Mutton Chops & History

I’ve been researching for the Young Adult historical novel I’m writing and it’s amazing and a bit disheartening to find that I was surrounded by history when I lived in Cahokia, Illinois!  Who would have guessed that so much of what I knew (and forgot) would now be so relevant.  Here’s some examples of what I’ve rediscovered:

  • Cahokia, Illinois became part of the United States on July 5, 1778 when George Rogers Clark and a band of rebels swooped in and took over the village.  Prior to that it had been an independent city state.
  • George Rogers Clark set up a court in Cahokia and it acted as a United States territorial courthouse from 1778 – 1801.
  • In 1801 William Henry Harrison named the Cahokia Court House the legal and governmental center of an area extending to the Canadian border.

I remember walking and later driving by these buildings:  the Old Court House, Holy Family Church and even the Jarrot Mansion.  We had learned about them in school, but I didn’t realize their significance at the time.

I can remember Dad growing mutton chops to celebrate Cahokia’s bicentennial.  Mom hated those mutton chops, but Dad thought they were cool.  Besides he and his Lodge buddies were celebrating Cahokia’s 200th Anniversary.  It was January, 1978 when Dad and the other Emith Masonic Lodge members grew beards for the celebration.   They decided to grow the beards until after the official celebration was over.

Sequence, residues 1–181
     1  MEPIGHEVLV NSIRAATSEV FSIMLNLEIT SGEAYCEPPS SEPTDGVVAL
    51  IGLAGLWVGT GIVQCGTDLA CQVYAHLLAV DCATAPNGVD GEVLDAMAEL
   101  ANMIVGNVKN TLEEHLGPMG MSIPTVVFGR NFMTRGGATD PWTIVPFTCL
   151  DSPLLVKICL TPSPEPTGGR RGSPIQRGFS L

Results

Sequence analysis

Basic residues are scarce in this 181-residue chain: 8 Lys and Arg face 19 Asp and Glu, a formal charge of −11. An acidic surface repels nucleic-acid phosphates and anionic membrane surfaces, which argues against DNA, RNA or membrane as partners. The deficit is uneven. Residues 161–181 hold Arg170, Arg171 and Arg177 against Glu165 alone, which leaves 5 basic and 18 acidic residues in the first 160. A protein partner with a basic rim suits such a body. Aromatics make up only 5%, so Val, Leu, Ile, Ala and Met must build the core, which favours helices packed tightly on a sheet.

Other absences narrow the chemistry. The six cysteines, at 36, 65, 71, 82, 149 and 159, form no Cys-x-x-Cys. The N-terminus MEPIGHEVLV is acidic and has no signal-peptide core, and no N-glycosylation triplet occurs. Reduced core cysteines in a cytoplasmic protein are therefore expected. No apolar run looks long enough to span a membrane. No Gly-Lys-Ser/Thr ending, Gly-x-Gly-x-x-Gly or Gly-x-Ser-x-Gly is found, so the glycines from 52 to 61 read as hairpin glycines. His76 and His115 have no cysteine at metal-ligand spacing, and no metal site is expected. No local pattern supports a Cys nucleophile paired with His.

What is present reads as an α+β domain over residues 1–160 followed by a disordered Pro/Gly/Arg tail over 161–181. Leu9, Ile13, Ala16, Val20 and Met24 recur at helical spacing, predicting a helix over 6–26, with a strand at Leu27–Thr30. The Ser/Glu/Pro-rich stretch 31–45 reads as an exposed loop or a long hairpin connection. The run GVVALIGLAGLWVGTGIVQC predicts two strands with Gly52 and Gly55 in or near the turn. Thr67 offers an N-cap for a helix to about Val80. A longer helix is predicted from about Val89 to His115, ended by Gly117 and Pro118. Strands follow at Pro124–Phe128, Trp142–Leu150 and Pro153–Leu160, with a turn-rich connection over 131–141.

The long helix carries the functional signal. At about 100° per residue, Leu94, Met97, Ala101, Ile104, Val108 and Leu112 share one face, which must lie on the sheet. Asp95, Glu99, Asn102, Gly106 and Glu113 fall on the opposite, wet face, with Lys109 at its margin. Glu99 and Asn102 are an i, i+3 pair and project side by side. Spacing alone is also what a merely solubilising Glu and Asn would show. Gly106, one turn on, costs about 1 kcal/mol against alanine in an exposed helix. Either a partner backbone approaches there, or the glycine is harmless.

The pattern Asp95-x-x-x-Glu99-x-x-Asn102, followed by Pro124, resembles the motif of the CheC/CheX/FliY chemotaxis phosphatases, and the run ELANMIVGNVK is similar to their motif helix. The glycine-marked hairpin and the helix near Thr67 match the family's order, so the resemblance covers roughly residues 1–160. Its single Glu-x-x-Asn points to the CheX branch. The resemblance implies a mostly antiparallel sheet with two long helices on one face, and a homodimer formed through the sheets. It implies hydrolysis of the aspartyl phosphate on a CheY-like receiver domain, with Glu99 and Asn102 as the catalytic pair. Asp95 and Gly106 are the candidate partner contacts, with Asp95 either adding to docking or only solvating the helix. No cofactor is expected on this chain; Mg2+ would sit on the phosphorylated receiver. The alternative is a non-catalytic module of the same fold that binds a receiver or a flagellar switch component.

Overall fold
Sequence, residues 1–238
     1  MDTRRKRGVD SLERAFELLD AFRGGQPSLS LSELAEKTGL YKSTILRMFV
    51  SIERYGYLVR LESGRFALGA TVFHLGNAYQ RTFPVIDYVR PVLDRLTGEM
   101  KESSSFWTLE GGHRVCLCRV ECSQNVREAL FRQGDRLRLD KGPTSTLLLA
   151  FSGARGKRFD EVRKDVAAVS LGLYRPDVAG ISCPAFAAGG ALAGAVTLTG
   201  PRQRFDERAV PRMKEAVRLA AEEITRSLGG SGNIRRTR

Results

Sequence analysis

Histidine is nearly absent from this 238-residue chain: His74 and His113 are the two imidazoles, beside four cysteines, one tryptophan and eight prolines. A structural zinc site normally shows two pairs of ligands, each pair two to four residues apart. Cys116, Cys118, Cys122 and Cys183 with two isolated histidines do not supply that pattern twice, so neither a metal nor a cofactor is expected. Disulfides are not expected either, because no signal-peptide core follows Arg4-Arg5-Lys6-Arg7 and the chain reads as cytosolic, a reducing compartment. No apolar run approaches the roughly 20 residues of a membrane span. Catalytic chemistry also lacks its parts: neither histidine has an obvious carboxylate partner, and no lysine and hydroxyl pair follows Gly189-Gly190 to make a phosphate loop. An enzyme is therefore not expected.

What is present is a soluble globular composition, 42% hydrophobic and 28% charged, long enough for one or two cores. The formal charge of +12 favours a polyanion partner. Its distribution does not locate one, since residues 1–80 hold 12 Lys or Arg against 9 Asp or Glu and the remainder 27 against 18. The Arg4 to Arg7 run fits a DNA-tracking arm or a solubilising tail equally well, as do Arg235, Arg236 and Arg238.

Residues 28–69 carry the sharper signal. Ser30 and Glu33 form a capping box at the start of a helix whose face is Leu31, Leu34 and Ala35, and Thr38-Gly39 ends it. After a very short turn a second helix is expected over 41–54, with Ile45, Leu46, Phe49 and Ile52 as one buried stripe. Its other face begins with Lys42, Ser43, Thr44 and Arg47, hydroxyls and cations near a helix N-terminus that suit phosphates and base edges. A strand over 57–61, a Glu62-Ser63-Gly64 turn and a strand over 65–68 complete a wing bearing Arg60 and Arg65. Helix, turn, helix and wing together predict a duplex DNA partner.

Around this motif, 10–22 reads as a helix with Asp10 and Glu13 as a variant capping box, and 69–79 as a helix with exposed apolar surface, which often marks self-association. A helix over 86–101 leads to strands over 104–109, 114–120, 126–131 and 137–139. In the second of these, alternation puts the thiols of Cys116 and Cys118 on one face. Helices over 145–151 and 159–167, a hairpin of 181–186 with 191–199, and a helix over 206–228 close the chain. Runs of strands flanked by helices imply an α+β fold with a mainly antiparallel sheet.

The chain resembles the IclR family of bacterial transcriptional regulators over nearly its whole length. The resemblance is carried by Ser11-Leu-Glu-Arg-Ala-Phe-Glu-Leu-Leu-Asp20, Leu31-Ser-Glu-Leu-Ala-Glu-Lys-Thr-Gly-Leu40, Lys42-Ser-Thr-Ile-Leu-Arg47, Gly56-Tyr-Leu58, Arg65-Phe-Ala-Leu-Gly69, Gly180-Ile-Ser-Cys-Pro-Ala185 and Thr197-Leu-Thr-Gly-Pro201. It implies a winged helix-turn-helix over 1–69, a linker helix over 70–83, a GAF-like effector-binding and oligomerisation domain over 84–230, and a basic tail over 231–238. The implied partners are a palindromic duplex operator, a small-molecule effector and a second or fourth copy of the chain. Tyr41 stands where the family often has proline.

Dad began with a beard, but didn’t like all that hair on his face.  It interfered with eating and Mom hated it.  I can’t remember all the particulars — it was so long ago — but one day the beard had been replaced by gray mutton chops.

Mom hated those mutton chops.  She thought they made Dad look old.  You see all my family is blessed with “good genes.”  We don’t show our ages, which is a blessing when you’re older, but a curse when young and trying to go bar hopping.  I can remember going clubbing with my cousin, and I was the one who always got carded, but I digress.

Anyway Dad looked young for his 67 years.  His hair was a light brown, but looked darker because of the hair cream he used.  You see this was the ‘7o’s and men “slicked back” their hair.  The only gray hair Dad had on his face was at his temples; that is until he grew those mutton chops!  I think that’s the biggest reason Mom hated them so much because if Dad showed his age; then people could guess Mom’s age too, and let’s face it:  Nobody wants people to know how old they are!  I mean would you?

Anyway Mom spent the year looking forward to Cahokia’s official anniversary celebration when Dad would finally shave.  That day came and passed and still Dad wouldn’t shave because he loved his mutton chops so much.  So Mom did what any young looking wanna be would:  she told him how old he looked with all that gray on his face, and that worked!

Now you’re probably wondering what all this has to do with Cahokia’s history and my research; so I’ll tell you:  I wouldn’t have remembered this if I hadn’t seen the July 5, 1778 date!  Onward…

About sandrabranum

I'm a philosopher, dreamer, poet, writer -- not necessarily in that order -- and I get to write it all down and share it with the world thanks to the Wonderful World Wide Web!
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4 Responses to Mutton Chops & History

  1. I didn’t know that ‘mutton chops’ was a type of beard 🙂 Had to look it up. Can’t say I like it. But I do like a neatly trimmed mustache.

  2. pilbra says:

    Hahaha loved reading your story I remember quite a few people (men) with mutton chops

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